I can’t think of a more scenic itinerary than Alaska when it comes to sea days. I suppose others might prefer tropical blue water and balmy breezes for miles, but I couldn’t get enough of the moody grey skies and forests so thick you had to wonder what was out there that had never seen a human footprint.
We passed Carnival Spirit, heading south on the last day of her weekly sailing.
See ya in Oz, Spirit!
I couldn’t find my highlighter, which I blamed on not having enough drawers to unpack and spread out all the little sundries, so I used a pen to mark items of interest on the Freestyle Daily.
I’m going to get a little cynical now, and I should warn any huffy NCL fans that I am not picking on Norwegian (this time). This is something that Carnival is just as guilty of, and I assume it’s an industry-wide practice, as we all know cruise ships need to a) get more money from you once you board, and b) appeal to a wide variety of interests, but mostly “a.”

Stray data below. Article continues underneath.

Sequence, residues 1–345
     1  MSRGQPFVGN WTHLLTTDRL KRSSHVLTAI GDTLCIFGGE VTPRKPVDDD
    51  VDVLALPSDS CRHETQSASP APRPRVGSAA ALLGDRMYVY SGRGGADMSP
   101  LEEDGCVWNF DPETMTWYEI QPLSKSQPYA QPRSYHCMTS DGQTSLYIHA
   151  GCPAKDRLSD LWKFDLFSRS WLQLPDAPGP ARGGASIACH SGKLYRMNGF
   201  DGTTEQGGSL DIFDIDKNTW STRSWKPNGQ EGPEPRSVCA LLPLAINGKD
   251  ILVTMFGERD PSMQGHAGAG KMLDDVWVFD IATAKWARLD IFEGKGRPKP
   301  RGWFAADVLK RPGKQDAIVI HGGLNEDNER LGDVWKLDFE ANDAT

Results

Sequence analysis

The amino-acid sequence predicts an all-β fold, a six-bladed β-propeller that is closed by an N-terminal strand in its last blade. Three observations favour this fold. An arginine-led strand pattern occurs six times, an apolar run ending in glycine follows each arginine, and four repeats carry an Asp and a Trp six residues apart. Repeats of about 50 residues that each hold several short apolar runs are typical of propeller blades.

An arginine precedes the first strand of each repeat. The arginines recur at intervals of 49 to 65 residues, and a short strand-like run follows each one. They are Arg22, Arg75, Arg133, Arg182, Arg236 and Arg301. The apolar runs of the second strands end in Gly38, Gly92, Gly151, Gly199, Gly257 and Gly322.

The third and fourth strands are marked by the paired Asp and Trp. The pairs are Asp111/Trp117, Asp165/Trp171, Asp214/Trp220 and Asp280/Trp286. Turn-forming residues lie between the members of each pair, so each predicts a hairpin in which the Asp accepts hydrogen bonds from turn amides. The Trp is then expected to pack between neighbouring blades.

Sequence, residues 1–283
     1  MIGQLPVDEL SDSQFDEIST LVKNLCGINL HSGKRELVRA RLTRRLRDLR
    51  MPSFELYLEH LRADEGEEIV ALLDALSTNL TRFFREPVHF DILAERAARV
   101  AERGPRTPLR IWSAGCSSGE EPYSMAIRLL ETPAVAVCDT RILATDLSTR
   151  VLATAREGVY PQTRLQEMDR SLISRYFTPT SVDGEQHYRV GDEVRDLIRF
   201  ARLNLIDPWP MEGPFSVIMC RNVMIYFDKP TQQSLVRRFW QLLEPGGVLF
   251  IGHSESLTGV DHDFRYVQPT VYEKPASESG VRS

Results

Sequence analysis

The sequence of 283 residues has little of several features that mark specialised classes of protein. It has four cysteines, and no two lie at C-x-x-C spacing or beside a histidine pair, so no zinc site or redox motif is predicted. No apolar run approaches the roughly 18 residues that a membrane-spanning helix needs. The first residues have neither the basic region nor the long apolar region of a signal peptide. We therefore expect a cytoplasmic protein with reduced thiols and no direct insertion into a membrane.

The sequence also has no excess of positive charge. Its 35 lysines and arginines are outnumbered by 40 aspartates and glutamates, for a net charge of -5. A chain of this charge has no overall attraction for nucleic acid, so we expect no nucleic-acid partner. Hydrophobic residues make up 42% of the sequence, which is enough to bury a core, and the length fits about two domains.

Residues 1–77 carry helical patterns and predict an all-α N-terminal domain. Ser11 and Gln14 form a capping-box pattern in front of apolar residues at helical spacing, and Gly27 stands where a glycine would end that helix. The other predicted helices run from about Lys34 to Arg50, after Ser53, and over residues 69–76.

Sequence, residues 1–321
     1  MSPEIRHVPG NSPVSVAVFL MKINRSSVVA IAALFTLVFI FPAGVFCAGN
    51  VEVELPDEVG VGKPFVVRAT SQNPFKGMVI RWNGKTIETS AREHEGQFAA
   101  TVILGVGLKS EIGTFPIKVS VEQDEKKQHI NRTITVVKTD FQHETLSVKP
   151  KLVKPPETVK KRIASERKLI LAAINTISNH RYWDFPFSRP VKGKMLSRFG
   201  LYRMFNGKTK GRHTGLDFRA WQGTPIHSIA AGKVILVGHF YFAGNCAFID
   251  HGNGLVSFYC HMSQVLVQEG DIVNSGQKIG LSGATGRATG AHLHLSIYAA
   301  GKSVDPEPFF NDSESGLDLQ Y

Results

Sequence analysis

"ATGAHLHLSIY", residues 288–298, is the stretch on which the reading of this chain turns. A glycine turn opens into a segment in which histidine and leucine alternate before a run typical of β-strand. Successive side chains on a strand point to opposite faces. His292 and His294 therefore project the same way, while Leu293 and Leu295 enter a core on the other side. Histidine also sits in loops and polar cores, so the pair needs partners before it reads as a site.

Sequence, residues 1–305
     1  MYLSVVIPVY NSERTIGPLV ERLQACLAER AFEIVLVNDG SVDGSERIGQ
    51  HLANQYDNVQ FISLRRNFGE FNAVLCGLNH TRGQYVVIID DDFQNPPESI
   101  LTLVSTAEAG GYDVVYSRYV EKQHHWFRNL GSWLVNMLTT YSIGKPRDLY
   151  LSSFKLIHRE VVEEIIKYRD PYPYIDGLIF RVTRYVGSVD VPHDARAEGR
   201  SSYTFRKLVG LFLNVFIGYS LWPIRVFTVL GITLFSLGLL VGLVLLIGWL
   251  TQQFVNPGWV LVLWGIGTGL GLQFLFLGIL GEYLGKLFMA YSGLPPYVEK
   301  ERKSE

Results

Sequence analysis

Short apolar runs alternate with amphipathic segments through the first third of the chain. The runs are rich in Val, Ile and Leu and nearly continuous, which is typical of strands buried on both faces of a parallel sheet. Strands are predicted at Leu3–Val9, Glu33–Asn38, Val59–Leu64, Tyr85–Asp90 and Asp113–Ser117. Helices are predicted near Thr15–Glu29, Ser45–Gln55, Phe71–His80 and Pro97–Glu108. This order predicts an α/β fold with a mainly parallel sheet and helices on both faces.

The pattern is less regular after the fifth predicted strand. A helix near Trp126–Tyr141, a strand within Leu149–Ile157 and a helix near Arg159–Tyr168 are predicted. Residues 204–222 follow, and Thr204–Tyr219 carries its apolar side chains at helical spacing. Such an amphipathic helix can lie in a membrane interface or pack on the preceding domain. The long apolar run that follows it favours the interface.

So, above is the Freestyle Daily, which informs people of what’s happening when and where. Below is the same Freestyle Daily, but with all of the following blacked out:
- Passive features that are available all day, every day (bridge viewing room, sudoku sheets, golf clubs, etc.)
- Activities geared toward children
- Activities that carry an extra fee (not that I begrudge the fee)
- “Activities” which deserve “sarcastic air quotes” because they are really just very obvious sales pitches (50% Off Diamonds Event, Live Acupuncture Demo)
- Specialized get-togethers (singles mixer, Friends of Dorothy)